In a particularly useful innovation, CAR T cells can be designed to switch off by administering a small molecule that chemically disrupts a heterodimer [63]. CAR T cells incorporate a protease and CAR degradation moiety (degron) that can be switched on in the absence of the protease inhibitor asunaprevir. The degron is cleaved from the CAR by the protease, and it is switched off in the presence of asunaprevir; thus in the absence of the inhibitor, the degron is cleaved from the CAR by protease, leading to the degradation of the CAR [83]. These CAR T cells with a switch off function provide a controllable way to improve the safety of CAR T cell therapy and reduce the risk of CRS.

CONCLUSIONS

Glioblastoma has been an immunologically “cold” tumor characterized by a paucity of tumor infiltrating effector cells because it has high antigenic heterogeneity, a low mutational burden, an exceptionally immunosuppressive TME, and restricted immune access. Therefore, the clinical outcomes of immunotherapy for glioblastomas have been poor compared with those for other types of cancer. Nonetheless, cell transfer therapy using effector cells such as T and NK cells has been developed to overcome immune escape mechanisms and allow the cells to survive in the immunosuppressive TME.
The identification of patient-specific neoantigens derived from tumor mutations has expanded the usable repertoire of TSAs in glioblastoma. T and NK cells have also been engineered using modern genetic technologies to have multiple functionalities, including cytokine production, multiple antigen recognition, and trafficking enhancement with immune favorable modification of the TME through the inhibition of immunosuppressive molecules. BiTEs that facilitate optimal interactions between T cells and tumor cells can potentiate the cytotoxicity of effector cells. iPSC-derived NK receptor-specific CAR NK cells are close to ideal off-the-shelf effector cells. Further efforts will be needed to learn more about immune escape mechanisms and optimize effector cell functions using that knowledge. In addition, an effort is required to find potent combinatorial therapeutic strategies that enhance antitumor efficacy and minimize the toxic effects of T or NK cell therapy for glioblastoma.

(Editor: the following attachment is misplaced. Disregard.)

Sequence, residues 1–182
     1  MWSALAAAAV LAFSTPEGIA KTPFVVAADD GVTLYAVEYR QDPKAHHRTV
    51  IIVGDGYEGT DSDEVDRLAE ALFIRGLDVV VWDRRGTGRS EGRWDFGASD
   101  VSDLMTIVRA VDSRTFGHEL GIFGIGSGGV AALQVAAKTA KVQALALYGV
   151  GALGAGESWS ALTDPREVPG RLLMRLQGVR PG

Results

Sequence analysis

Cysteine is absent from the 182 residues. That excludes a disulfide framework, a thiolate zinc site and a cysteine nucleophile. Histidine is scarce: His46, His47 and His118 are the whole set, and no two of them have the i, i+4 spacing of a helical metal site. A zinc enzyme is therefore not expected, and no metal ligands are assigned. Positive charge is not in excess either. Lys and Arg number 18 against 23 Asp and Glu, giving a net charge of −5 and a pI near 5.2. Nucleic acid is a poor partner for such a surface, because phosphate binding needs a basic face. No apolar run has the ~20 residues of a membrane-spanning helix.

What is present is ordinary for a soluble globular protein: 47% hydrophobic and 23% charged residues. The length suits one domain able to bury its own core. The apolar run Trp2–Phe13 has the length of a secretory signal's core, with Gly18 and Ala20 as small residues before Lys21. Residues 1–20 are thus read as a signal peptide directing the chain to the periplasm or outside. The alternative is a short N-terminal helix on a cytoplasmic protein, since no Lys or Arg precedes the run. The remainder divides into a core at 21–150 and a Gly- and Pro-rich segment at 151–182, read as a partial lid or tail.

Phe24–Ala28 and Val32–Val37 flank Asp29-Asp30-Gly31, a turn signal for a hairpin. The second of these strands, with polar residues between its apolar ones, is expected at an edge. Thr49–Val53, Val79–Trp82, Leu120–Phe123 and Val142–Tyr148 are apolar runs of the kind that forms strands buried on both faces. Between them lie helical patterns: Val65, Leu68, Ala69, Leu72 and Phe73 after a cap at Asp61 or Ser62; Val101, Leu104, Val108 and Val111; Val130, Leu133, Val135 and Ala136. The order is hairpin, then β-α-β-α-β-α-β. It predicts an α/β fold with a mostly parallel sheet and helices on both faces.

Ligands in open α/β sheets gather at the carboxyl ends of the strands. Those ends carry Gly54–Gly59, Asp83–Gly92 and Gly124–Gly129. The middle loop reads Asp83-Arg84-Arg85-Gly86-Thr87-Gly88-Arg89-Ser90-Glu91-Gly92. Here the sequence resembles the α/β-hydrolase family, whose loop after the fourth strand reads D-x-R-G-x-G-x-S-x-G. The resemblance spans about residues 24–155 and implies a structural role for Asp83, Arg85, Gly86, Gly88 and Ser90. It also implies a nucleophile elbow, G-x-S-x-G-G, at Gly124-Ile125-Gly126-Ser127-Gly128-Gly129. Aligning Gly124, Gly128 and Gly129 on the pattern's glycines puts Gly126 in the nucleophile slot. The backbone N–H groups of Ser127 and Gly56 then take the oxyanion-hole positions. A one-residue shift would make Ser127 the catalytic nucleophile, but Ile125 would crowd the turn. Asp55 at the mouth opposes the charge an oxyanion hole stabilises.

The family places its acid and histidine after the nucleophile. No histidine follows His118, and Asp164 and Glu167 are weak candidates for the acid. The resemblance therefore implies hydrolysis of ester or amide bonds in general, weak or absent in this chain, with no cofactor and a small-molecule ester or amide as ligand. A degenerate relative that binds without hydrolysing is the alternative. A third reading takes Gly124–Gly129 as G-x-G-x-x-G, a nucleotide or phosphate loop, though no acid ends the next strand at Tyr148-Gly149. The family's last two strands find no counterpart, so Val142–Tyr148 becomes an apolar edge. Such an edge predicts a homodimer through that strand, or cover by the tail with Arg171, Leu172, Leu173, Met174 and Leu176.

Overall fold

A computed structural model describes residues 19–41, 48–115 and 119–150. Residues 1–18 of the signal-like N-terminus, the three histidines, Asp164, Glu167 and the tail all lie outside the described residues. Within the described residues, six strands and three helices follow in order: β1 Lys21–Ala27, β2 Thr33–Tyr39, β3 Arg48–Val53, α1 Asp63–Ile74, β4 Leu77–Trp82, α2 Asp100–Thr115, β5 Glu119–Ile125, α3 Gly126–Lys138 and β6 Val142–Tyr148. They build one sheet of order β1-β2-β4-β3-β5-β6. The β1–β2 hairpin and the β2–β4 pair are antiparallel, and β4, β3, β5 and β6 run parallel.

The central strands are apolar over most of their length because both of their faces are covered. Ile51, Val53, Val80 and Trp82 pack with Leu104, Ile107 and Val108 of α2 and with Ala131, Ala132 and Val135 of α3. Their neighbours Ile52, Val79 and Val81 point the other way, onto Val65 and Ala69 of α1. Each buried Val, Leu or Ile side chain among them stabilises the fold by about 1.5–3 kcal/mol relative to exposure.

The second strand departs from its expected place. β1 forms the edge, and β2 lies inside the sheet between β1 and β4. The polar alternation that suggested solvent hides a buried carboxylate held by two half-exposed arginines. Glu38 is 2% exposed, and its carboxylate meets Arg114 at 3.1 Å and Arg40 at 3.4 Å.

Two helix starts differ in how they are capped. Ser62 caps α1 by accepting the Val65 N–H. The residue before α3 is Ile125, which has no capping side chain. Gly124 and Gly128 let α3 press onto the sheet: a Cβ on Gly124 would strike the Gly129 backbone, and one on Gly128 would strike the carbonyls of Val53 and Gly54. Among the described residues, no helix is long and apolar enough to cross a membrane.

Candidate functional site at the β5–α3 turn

Notes

Conflicts of interest

No potential conflict of interest relevant to this article was reported.

Informed consent

This type of study does not require informed consent.

Author contributions

Conceptualization : WSY, DSC; Data curation : WSY, DSC; Formal analysis : WSY, DSC; Methodology : WSY, DSC; Project administration : WSY, DSC; Visualization : WSY; Writing - original draft : WSY; Writing - review & editing : DSC

Data sharing

None

Preprint

None

Fig. 1.